Pixel 5: defective in the box, Google says it's by design

in Project HOPE4 months ago


The previous articles of this series highlighted how the Google Pixel mobile phones, despite their flagship ambitions, were all affected by unique defects that suggested to avoid them. That is, unless ready to accept that an expensive brand new phone could be very much imperfect and show peculiar issues that would look out of place even on a device that is less than half the price. The latest and greatest Pixel 5 has been launched on September 30 and now it is time to check - what is the feedback one month later? The answer is "not good".

Pixel 5 has delivered a favorable first impression thanks to a solid feature set that includes 5G support, a predictably excellent camera, decent battery life, and a smooth "stock-but-better" Android experience. Some reviewers rated it "excellent" (PC Magazine) and "a purchase you won't regret" (TechRepublic), while others were less impressed. According to Wired, this latest Pixel is "boring at best", with a "quality that lags behind competition" and "not a great value", while Engadget found it "falls victim to tough competition" resulting in "an off-year for Pixel fans", and Tom's Hardware lambasted it for its "underwhelming performance, expensive price, and the lack of a higher storage option". The consensus from all the reviews describes an expensive device that lacks the excitement that one would expect from a flagship; this is best summarized by The Verge, which noted how "The Pixel 5 is not an especially exciting phone... (...) Instead of trying to make a flagship, Google aimed right down the middle."

However, in the truest Pixel tradition, it did not take long for the first issues to emerge.

Less than three weeks after launch, multiple Pixel users started reporting that their new $700 handset was literally falling apart - or, if you prefer, breaking at the seams. First seen on the XDA Developers forum, complaints kept spreading as more users and then even reviewers were reporting very noticeable gaps between the phone display and the frame.


This is particularly concerning as the defect is happening so soon after the launch, with most users experiencing it after only a few days of use, and some Pixel 5 are reportedly even arriving with screen and body separated in the box. And while Google had started replacing the first defective units, that revealed an even worse scenario:

upon replacing the phone, the new one sent out suffered from the same fault.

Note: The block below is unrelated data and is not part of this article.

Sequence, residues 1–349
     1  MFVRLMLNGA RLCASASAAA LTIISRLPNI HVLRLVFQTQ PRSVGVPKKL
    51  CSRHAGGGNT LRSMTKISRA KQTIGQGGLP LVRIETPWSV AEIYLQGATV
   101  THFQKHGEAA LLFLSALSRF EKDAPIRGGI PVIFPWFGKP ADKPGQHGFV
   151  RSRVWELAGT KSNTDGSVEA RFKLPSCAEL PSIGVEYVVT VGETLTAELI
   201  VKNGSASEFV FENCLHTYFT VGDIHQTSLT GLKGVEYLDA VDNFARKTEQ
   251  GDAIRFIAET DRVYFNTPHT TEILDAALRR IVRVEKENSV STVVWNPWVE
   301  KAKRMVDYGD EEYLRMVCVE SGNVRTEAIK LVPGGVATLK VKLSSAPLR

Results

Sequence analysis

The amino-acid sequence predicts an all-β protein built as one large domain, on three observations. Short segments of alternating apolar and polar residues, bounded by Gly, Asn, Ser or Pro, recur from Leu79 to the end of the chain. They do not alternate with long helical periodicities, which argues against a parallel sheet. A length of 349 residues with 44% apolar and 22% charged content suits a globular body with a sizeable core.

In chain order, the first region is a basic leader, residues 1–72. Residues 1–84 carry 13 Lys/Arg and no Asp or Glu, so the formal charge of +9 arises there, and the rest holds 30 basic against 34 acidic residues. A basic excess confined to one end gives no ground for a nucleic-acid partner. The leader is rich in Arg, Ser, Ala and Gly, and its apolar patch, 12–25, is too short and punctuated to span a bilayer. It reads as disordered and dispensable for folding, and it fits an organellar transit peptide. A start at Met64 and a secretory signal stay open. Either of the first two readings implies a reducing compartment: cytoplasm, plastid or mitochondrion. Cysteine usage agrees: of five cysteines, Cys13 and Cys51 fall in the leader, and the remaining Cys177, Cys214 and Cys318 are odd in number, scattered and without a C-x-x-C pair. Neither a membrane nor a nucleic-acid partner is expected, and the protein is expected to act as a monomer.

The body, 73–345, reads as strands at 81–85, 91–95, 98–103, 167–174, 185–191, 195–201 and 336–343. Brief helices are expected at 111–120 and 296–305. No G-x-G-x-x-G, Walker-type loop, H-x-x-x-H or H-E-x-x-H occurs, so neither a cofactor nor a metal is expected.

(source: Android Central)

Two weeks after the defect was first reported - and sometime after Google started replacing units under warranty - a company representative posted an official statement in the Pixel Support thread:

“We’ve had a chance to investigate units from customers and, combined with our quality control data from the factory, we can confirm that the variation in the clearance between the body and the display is a normal part of the design of your Pixel 5".

In other words, according to Google the fact that display and frame are falling apart with a visible gap is not a defect, but a design feature. The statement went even further and declared that, despite the gap, "there is no effect on the water and dust resistance".


It's hard to believe that water and dust may not enter the phone through a one-millimeter gap between screen and case, and damage the internals. At the same time, this response will sound way too familiar to former Pixel owners and even more familiar to longtime iPhone customers: Google is taking a page from Apple's playbook, blatantly denying the existence of a manufacturing defect, and downplaying its severity. The only part of that template missing from Google's statement above is mentioning how the defect is affecting "just a small amount of units", which would quickly reveal itself a lie due to the increasing number of reports from customers.

Even in the best case where the screen gap is limited to a defective batch, remains to be seen how Google will handle the incident and how many customers will be offered defect-free replacement units. If the first response is any indication, Google may even have already decided not to replace all units unless pressured by customers, and there is a high likelihood the entire incident will be dismissed as "it's a feature, not a defect" like many other Pixel issues in the past.

On top of that, early adopters of Pixel 5 have also reported that the back of the phone is suffering premature wear: that is made of glass and coated with what Google describes as a bio-resin material to provide a gripper, more pleasant finish. According to some reports, this coating is easily rubbing off in the most exposed areas (such as edges and corners) leaving a glossy surface.


If that is confirmed, albeit representing only a cosmetic issue, it would be yet another example of how little care for details has been poured into design and testing, and one more defect in the long list that has affected and continues to plague the Google Pixel phones family.


Hi @lucabarbera
Wow, I didn't know this phone was on the market. There is no doubt that entering a market as competitive as that of mobile telephony is not easy, and to do so you really have to have quality control.
But when you come from a world-renowned company, you expect better things, expectations are always high, I think this is a big mistake by this company.

good article, I can not imagine a user who spends that amount of money and give a defective device if it were my case I cry at least a whole year

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